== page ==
|Publication number||US5195102 A|
|Application number||US 07/760,036|
|Publication date||Mar 16, 1993|
|Filing date||Sep 13, 1991|
|Priority date||Sep 13, 1991|
|Also published as||DE4229462A1|
|Publication number||07760036, 760036, US 5195102 A, US 5195102A, US-A-5195102, US5195102 A, US5195102A|
|Inventors||Thomas McLean, Gregory S. Moore|
|Original Assignee||Litton Systems Inc.|
|Export Citation||BiBTeX, EndNote, RefMan|
|Patent Citations (11), Referenced by (60), Classifications (14), Legal Events (5)|
|External Links: USPTO, USPTO Assignment, Espacenet|
1. Field of Invention
This invention relates to the field of packages used for packaging electronic devices such as integrated and hybrid circuits and more particularly to the field of temperature controlled packages for laser diodes, crystals, temperature stabilized networks and focal plane arrays. The field of rotation sensors such as Sagnac Effect fiber optic interferometers or FOGs (Fiber Optic Gyros) derives increased accuracy from the use of a temperature stabilized laser light source and, is therefore, a field that finds high utility for the Laser Diode Package.
2. Description of Related Art
Conventional temperature controlled packages for high power devices, such as laser diodes, are typically filled with dry nitrogen or air. The dry nitrogen or air in a temperature controlled package provides a heat path from the inner walls of the package to the device adding to the heat load that the thermoelectric cooler must accommodate in addition to the heat load that the dissipating device delivers to the heat sink.
In addition, conventional temperature controlled packages are not specifically designed to minimize the amount of heat that must be expended to obtain a given or predetermined temperature change between the case temperature and the temperature of an internal heat sink on which a dissipative device is mounted.
Typical temperature control packages that use a TEC (thermoelectric cooler) can control device internal temperatures with case temperatures ranging from -40 to +80 degrees Centigrade.
A first object of this temperature controlled package is to control the temperature of an internal component, such as a laser diode, as the external temperature changes from -55 to +105 degrees Centigrade, with a minimal expenditure of power.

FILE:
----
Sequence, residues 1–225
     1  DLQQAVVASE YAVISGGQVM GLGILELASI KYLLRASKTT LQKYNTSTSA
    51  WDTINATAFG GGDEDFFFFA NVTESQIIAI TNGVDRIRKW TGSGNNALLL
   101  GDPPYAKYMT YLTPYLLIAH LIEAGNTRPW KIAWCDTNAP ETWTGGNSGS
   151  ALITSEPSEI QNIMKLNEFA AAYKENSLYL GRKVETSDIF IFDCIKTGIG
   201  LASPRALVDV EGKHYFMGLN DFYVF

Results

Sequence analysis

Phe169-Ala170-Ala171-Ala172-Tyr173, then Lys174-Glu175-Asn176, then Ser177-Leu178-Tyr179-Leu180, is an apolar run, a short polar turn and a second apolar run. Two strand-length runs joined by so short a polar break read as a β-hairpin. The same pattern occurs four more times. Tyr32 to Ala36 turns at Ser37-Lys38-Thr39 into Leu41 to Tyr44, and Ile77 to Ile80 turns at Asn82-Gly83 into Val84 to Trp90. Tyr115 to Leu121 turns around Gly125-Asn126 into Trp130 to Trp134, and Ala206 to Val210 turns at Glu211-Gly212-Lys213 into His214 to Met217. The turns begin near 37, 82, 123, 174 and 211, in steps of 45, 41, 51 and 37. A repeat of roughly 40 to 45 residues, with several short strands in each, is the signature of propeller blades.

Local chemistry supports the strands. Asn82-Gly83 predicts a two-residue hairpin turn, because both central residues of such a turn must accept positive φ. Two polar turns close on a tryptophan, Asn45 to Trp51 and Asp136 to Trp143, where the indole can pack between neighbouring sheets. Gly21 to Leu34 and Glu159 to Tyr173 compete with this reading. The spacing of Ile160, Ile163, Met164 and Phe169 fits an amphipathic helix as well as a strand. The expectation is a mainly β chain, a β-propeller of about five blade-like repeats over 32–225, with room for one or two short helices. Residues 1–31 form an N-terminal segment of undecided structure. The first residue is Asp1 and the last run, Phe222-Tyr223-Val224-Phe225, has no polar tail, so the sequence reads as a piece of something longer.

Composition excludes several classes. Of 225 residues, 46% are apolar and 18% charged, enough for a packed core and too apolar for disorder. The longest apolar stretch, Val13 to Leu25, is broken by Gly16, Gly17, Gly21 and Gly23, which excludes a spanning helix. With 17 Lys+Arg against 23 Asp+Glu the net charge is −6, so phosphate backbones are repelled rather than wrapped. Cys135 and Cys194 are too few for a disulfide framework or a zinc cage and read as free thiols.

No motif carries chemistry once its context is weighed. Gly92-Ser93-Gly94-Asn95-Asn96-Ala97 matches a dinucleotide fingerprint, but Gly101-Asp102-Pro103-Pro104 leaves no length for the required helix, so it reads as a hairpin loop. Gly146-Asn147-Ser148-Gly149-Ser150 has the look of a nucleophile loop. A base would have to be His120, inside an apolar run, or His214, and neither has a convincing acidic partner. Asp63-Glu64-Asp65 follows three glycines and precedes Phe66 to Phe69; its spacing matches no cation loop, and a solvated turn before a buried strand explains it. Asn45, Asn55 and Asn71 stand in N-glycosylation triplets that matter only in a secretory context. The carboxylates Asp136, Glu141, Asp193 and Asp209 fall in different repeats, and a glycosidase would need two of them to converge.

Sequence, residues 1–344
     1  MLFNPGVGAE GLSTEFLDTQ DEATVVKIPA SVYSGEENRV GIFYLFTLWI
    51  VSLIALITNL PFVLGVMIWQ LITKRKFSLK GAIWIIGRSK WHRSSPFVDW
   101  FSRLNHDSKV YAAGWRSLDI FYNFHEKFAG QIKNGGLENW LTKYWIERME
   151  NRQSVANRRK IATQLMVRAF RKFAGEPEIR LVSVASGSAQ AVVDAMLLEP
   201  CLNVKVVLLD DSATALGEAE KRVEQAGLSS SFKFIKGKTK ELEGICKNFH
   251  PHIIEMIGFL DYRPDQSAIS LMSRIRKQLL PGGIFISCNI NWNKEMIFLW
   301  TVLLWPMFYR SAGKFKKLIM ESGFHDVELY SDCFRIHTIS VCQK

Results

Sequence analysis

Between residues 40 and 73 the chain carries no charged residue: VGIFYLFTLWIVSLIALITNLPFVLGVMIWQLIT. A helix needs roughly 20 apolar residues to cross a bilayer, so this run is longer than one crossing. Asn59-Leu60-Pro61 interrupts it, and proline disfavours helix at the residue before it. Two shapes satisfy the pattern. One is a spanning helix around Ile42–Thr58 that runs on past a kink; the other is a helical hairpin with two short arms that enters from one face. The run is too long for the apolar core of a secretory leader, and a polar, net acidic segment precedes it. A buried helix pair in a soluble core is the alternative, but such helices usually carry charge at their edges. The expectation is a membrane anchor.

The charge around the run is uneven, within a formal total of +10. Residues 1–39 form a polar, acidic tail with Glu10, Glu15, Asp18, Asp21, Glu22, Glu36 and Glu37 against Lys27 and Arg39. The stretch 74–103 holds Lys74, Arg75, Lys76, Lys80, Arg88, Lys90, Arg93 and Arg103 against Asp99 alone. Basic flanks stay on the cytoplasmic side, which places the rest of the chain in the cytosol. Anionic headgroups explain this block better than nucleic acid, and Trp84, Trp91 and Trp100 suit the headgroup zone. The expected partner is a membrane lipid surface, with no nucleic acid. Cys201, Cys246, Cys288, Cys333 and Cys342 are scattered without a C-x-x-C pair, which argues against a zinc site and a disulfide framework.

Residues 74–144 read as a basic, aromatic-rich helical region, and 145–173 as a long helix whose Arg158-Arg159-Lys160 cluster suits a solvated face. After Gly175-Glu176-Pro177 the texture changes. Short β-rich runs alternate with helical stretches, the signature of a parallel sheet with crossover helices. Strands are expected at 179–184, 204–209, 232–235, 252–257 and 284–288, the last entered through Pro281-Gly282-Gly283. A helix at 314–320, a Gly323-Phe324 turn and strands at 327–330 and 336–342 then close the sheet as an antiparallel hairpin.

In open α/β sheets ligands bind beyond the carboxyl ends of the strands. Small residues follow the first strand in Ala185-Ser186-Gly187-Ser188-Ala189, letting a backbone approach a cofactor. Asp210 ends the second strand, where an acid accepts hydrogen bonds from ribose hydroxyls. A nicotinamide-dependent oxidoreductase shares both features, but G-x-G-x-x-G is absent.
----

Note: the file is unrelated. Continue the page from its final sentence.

The invention temperature-controlled package comprises a case having sidewalls that form a closed perimeter, a cover and a base having an input surface and an output surface. The sidewalls are integrally coupled to the base input surface to define an interior region.
A heatsink has a top surface and a bottom surface. The heatsink bottom surface is attached to the input surface of a thermoelectric cooler. The bottom surface of the thermoelectric cooler is coupled to the base input surface of the case. The thermoelectric cooler responds to a control signal to move heat from the thermoelectric cooler input surface to the thermoelectric cooler output surface. The thermoelectric cooler can drive heat in or out of the input surface.
A laser diode mounted on the heat sink responds to an electrical input signal by providing an optical laser output signal. The output of the laser diode is coupled via an optical fiber through a fiberoptic feedthrough in a sidewall.
The interior region is filled with xenon gas. A cover is welded on the sidewalls to form a sealed interior region with xenon gas therein. The xenon gas is inert and protects the surfaces of the laser diode and most importantly, xenon gas is a relatively poor thermal conductor and operates to limit the movement of heat from the interior surface of the sidewalls and the interior surface of the cover to the surfaces of the thermoelectric cooler. The xenon gas also limits the movement of heat between surfaces within the TEC. Reducing heat movement from these sources reduces the amount of power that the thermoelectric cooler must expend to obtain a predetermined change in temperature of the laser diode.
FIG. 1 is a partially sectioned perspective view of the Laser Diode Package;
FIG. 2 is a schematic sectional view of FIG. 1 taken on line 2--2;
FIG. 3 is a partially sectioned perspective view of the ceramic seal within phantom circle "3" in FIG. 1;